CAAF decided the Army case of United States v. Nicola, __ M.J. __, No. 18-0247/AR (CAAFlog case page) (link to slip op.), on Wednesday, January 9, 2019. Emphasizing that an accused who testifies in his own defense may be disbelieved by the trier of fact (members, in this case), and that such disbelief may form the basis for a conviction, CAAF finds a conviction for indecent viewing legally sufficient and affirms the decision of the Army CCA.

Judge Maggs writes for a unanimous court.

CAAF granted review of a single issue:

Whether the evidence of indecent viewing in violation of Article 120c, UCMJ, was legally sufficient.

The offense of indecent viewing occurs when a person, without legal justification or lawful authorization, “knowingly and wrongfully views the private area of another person, without that other person’s consent and under circumstances in which that other person has a reasonable expectation of privacy.” Article 120c(a). The statute defines private area as the naked or underwear-clad genitalia, anus, buttocks, or female areola or nipple. A conviction is legally sufficient if, considering all of the evidence in the light most favorable to the prosecution, a rational fact-finder could have found all essential elements of the offense beyond a reasonable doubt.

Staff Sergeant (E-6) Nicola was convicted of violating a general regulation, abusive sexual contact, and indecent viewing, by a general court-martial composed of officer members, and he was sentenced to reduction to E-1 and a bad-conduct discharge. Nicola’s convictions relate to his conduct with a high-intoxicated, junior female soldier, identified in CAAF’s opinion as Corporal AA.

Corporal AA testified during Nicola’s trial, and Nicola testified in his own defense. Their stories conflicted. Corporal AA claimed that Nicola sexually assaulted her in the shower in her barracks room (he was acquitted of an offense related to that alleged sexual assault). Nicola claimed that he only briefly saw Corporal AA in her bra as she undressed herself to get into the shower, and then that he later looked at her in the shower only to check on her welfare. Nicola focused on his version of events to claim that his conviction of indecent viewing is legally insufficient, while the Army Government Appellate Division asserted that Corporal AA’s version of events supports Nicola’s indecent viewing conviction (even though Nicola was acquitted of the related sexual assault allegation) and also that the members were free to disbelieve Nicola’s version of events and conclude that – even if he did not do everything Corporal AA claimed he did – he did more than he admitted to doing.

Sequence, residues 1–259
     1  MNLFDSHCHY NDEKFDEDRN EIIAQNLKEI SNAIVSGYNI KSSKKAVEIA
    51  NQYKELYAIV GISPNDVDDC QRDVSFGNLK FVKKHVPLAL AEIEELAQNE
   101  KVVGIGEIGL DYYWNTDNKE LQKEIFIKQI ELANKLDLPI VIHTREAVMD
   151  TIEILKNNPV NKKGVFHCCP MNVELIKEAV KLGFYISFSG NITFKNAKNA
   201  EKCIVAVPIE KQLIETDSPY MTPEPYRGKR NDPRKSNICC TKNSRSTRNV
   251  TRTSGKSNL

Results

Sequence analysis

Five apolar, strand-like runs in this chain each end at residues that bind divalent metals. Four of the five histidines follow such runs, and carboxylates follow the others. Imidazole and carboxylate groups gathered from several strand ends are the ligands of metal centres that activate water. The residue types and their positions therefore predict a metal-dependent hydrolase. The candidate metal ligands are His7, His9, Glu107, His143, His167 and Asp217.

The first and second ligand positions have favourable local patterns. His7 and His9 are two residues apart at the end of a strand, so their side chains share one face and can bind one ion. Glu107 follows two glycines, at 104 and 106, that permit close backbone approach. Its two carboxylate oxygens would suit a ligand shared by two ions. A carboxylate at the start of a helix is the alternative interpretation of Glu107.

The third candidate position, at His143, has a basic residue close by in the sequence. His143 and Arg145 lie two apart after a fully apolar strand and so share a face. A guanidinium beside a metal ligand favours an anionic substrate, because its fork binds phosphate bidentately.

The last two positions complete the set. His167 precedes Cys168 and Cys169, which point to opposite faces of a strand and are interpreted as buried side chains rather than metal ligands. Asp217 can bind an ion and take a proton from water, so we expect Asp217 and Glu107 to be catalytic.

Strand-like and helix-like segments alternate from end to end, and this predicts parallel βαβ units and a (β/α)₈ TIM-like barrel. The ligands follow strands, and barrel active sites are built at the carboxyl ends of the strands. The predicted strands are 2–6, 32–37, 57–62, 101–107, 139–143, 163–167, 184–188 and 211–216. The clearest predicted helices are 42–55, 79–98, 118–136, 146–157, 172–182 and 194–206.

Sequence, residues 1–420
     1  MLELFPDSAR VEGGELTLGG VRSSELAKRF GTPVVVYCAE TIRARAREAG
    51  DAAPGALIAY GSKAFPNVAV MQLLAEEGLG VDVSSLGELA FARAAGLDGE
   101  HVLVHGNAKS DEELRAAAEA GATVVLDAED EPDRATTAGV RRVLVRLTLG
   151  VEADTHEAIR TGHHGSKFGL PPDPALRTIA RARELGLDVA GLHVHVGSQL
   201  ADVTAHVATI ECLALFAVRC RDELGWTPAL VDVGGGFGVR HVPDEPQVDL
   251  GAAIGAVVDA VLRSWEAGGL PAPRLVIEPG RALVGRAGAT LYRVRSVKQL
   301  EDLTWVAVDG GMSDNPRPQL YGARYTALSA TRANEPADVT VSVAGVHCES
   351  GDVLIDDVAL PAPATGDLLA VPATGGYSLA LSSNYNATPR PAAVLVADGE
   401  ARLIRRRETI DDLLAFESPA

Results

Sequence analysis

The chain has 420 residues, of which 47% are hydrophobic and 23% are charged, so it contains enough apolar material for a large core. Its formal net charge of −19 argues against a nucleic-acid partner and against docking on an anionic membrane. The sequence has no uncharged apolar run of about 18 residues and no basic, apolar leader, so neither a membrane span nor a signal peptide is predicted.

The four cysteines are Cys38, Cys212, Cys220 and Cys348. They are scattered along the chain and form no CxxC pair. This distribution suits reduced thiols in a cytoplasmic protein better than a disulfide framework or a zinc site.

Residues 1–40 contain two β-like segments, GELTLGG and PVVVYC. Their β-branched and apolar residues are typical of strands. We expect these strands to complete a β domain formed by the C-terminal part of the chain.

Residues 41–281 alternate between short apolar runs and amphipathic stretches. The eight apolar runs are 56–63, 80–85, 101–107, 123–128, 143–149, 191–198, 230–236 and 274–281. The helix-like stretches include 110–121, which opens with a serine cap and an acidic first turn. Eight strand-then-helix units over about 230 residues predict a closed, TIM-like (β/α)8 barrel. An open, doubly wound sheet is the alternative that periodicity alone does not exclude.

CAAF agrees with the Government Division, with Judge Maggs explaining that the court “find[s] the evidence legally sufficient to support each of the Government’s theories.” Slip op. at 6. The primary reason for that finding is Nicola’s testimony in his own defense.

Judge Maggs’ opinion outlines an accused’s right to testify in his own defense and the associated risk:

In a criminal trial, the accused has a right to testify. See Rock v. Arkansas, 483 U.S. 44, 52 (1987). But one risk of testifying, recognized long ago, is that the trier of fact may disbelieve the accused’s testimony and then use the accused’s statements as substantive evidence of guilt “in connection with all the other circumstances of the case.” Wilson v. United States, 162 U.S. 613, 620−21 (1896). As the Supreme Court has said, “false testimony, knowingly and purposely invoked by [the] defendant, [may] be used against him.” Allen v. United States, 164 U.S. 492, 500 (1896). Under this principle, the court-martial could have believed that Appellant was lying when he testified that Corporal AA disrobed herself, and then used his statements to find that the opposite was true.

Slip op. at 7-8 (modifications in original). In other words, when Nicola testified that Corporal AA undressed herself to get into the shower (and that he only briefly saw her in her underwear) and that he later entered the shower only to check on her welfare, the members were permitted to assess his credibility and determine whether or not he was telling the truth. And, “if [Nicola] was untruthful in saying that Corporal AA disrobed herself, the court-martial rationally could have inferred that [he] disrobed her.” Slip op. at 9. Similarly, “the court-martial could have disbelieved [Nicola] when he testified that his motivation for entering the shower was merely to check on Corporal AA’s condition . . . [and] the panel could have inferred instead that [he] had a wrongful motive.” Slip op. at 12.